Strangely enough I have no notes about the questions from the audience. I know there were some (though only a few), but I can only vaguely remember one. I think somebody asked about the kind of contracts that the first three speaker had at their various career steps. They all had many short-term contracts and I think it was Stefanie Seltmann who even switched from a position for life to a short-term contract while changing jobs. In a way, however, I thought this was not the right questions. Short-term contracts have a different meaning outside of research. In research everybody is supposed to aim for tenure, if you have it, you made it, if you change jobs before that it is often considered a failure. Also, having different, slightly different occupations at different jobs is something positive, whereas in research this is very difficult and often dangerous – you might end up not producing results which will hurt you later no matter what experience you gained with new techniques you learned.
The final panel
After the coffee break and career fair the closing panel offered the politicians a chance to tell the participants their impression. So the panel consisted of the five members of the Bundestag, more precisely the committee for education and research, Thomas Feist, Anette Hübinger, Patrick Meinhardt, Martin Neumann and Krista Sager. Interestingly enough this was the first time (in ten years of GAIN conferences) that the committee had sent an official delegation – which will ensure that these impressions will find their way back to the committee and therefore maybe even to the more general public (or at least policy makers). But this is essentially where the good news ended. Mostly, the five were repeating that due to the federal structure they themselves, as members of the federal parliament, could not really influence the policies anymore and that the conference was missing representatives from the federal states. There was also a lot of banter about current political issues which did not touch the subject of the conference at all. In short, the panel’s debate suffered from the fact that I described before – the politicians were too professional. Nevertheless, they seemed to be taking with them one important impression: the assembled postdocs were in fact the right people to ask if one tries to find out what the problem and the lack of appeal of the German academic system is. The following questions were a bit weird. Not only were they cut short for no apparent reason other than the official time limit. But they started out with some weird old professor who just happened to be in town, had not attended the conference but went on some fundamental rant on the more basic funding problems of universities in Germany. Not that he was not right, but not only in retrospect did he waste everybody’s time. This topic, ongoing cuts on the state level, had been discussed numerous times in many sessions. That he seemed to not even consider that this topic had been discussed made his rant all the more distracting. Another question was about daycare – the situation is still abysmal, there is essentially no sensible affordable daycare in West Germany (and of course almost all of the best universities and research center are in the south and west where the federal states are simply richer). Another one was aimed at the problem that short-term positions with independent grant money do not lead to more researchers or lecturers but are countered by the state cutting regular positions – this was an easy deflection for the (federal) politicians. The only upside was that Krista Sager had another chance to re-enforce my impression of her being the most capable (or simply most experienced?) politician at the conference – she simply said that the situation is everybody’s fault and that the key is to end the blame game and start cooperating for real change. For comparison, Patrick Meinhardt at some point answered (I think it was a question on gender politics) that most problems were simply a generational problem, that the next generation will automatically fix. Wishful thinking if there ever was… So in a way, this was a disappointing end of the conference, but hey, somebody has to be the bottom feeder…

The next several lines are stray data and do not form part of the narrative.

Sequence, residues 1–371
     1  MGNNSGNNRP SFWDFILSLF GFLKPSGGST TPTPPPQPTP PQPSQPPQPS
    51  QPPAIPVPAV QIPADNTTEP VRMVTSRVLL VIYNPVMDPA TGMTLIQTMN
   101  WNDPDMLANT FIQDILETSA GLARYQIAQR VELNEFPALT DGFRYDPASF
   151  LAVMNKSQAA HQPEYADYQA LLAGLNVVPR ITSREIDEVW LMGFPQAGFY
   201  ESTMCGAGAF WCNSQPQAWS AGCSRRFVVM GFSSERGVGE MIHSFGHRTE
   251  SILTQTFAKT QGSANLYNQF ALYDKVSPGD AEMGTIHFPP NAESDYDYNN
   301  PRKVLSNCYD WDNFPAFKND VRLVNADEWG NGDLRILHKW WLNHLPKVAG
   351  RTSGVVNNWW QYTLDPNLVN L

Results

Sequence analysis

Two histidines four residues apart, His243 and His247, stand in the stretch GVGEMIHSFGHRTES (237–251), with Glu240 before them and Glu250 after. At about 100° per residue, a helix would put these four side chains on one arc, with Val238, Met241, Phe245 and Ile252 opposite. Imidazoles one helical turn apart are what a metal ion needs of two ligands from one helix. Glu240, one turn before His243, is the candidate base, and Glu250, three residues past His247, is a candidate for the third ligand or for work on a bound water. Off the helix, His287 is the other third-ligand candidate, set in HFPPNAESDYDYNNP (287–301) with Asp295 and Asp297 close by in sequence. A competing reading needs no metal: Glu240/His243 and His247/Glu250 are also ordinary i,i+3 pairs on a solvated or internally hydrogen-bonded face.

Well, my final thoughts on the conference will have to wait.